Controversy is an integral part of heavy metal culture — almost to the point where it is in the “nature” of heavy metal to be controversial. This view, however, needs to be qualified by putting heavy metal into a historical context. It could be argued that in the 1980s — the heyday of metal’s popularity — it was the content of heavy metal (primarily lyrics) in itself that was perceived as offensive and dangerous, to youth in particular. The culmination of this concern was the congressional committee hearing in 1985, instigated by Mary Elizabeth Aitcheson Gore, the wife of Senator Albert Arnold Gore Jr. and spokeswoman of the Parents’ Music Resource Center (PMRC). The hearing, which received wide coverage in the national news media, targeted heavy metal as one of the threatening genres. Because of the sheer popularity of the genre, the controversy became a battle over wider values in society and about the boundaries of “appropriate” (youth) popular culture. While at the time the Parents Music Resource Center managed to gain favourable media attention for its views, the movement against metal withered alongside the mainstream popularity of its nemesis.
In contrast, very few death or black metal bands (for example) have made headlines despite their explicitly “Satanic” or pornographic imagery or lyrics per se. The breaking down of most of the remaining public sexual taboos since the 1980s, along with the “celebrification” of ageing metal stars such as Black Sabbath’s Ozzy Osbourne, Mötley Crüe’s Tommy Lee and Poison’s Bret Michaels have made it much harder to excite the broader public about the dangers of heavy metal, making it in turn much harder for claims about the content of metal to become a full controversy in post-1980s Western culture. Instead, it is in situations where the genre is dislocated from its perceived place in culture when controversies arise. In other words, in order for heavy metal to become a topic of public discussion, there must be some external reason, or “trigger moment,” that produces a serious cultural dislocation so that the content of various — usually extreme — subgenres becomes a topic of controversy.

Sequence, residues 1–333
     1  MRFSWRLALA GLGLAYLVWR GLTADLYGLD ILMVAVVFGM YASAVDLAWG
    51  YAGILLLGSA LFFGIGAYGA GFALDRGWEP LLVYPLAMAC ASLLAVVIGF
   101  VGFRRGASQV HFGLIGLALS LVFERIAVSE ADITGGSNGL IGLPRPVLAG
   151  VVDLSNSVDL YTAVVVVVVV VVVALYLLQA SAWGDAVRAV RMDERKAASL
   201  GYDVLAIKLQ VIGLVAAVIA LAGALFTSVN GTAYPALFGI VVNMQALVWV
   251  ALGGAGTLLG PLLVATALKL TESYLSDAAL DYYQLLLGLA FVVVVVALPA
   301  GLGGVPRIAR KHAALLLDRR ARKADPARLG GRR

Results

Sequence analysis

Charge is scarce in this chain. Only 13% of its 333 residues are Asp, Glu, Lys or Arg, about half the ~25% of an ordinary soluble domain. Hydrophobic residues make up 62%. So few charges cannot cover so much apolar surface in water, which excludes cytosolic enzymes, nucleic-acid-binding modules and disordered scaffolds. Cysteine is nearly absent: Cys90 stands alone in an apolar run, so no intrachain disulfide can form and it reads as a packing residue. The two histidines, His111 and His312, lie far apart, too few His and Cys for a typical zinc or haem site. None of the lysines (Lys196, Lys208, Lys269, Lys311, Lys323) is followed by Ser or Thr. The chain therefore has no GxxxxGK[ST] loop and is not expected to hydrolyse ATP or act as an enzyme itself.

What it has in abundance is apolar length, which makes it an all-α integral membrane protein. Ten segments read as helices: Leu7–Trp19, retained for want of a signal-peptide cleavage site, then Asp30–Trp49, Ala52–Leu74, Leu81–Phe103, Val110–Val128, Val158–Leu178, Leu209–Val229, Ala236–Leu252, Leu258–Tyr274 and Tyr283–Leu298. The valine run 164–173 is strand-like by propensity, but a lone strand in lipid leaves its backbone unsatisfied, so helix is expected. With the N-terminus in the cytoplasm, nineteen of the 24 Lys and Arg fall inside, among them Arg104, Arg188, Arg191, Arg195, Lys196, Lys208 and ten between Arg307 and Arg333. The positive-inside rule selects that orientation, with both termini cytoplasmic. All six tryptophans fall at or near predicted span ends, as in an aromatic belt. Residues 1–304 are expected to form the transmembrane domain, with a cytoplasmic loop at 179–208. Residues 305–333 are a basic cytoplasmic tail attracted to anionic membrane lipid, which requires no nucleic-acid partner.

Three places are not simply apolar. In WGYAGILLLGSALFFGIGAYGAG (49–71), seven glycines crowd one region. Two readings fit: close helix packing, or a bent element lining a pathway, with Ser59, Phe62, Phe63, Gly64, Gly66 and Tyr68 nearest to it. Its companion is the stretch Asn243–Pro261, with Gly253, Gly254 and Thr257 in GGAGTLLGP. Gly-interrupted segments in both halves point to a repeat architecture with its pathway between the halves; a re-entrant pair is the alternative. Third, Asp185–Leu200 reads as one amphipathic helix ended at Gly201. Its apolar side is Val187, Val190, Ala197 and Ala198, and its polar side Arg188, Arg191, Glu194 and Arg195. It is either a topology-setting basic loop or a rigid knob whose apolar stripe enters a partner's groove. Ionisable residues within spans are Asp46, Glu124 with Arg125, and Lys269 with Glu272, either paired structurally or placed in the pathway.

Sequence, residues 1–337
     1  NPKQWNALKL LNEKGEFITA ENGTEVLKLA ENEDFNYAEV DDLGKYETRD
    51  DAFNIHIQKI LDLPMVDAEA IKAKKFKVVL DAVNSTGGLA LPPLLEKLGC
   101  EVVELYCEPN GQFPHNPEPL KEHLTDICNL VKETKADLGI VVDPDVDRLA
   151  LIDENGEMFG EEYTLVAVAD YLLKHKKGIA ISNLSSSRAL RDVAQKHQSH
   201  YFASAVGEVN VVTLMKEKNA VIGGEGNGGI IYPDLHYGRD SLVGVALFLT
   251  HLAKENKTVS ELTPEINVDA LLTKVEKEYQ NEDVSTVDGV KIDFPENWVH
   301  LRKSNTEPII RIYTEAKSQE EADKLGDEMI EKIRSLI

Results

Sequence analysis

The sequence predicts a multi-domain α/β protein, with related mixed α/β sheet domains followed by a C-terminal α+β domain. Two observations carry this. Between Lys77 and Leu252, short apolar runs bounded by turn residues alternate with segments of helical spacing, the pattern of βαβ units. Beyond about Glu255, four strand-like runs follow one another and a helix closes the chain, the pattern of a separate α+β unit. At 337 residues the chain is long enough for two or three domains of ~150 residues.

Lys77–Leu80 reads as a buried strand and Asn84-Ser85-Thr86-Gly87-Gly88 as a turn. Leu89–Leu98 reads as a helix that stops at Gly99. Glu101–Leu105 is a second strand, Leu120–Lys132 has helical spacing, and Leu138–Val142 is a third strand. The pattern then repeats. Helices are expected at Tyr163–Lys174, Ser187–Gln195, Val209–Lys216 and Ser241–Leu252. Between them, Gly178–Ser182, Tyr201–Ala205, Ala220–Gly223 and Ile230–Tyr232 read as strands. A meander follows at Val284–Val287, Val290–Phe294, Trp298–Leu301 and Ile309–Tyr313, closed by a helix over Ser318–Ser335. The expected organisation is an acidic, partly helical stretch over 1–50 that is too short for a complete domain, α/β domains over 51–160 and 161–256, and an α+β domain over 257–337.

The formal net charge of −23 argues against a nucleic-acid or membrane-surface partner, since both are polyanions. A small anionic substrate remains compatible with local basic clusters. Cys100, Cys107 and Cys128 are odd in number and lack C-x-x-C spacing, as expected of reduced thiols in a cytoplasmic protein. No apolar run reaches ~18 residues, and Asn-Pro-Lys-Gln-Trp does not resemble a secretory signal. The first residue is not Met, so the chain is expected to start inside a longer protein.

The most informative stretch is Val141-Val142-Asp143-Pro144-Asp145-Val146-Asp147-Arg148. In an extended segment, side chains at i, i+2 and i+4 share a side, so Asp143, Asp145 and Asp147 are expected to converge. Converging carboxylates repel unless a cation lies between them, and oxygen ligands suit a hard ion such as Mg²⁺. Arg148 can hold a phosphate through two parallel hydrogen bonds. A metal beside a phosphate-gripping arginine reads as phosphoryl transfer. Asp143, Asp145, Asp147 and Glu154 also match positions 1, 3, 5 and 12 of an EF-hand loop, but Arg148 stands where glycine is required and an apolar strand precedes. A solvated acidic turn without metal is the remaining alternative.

The black metal culture in early 1990s Norway offers a good example of this dynamic. Beginning as a small and marginal subculture, black metal eventually became a national — and to an extent, international — concern because of its violent imagery and themes. However, as Norwegian scholar of religion, Asbjørn Dyrendal notes: “What made Black Metal interesting news was not ideas as such, but an escalation in internal competition for transgressive, subcultural capital that ended in two murders, multiple church arsons and episodes of assault. This, combined with a militant, anti-Christian, anti-social attitude, made Black Metal an ideal example of the Satanism that the Evangelicals had warned about.”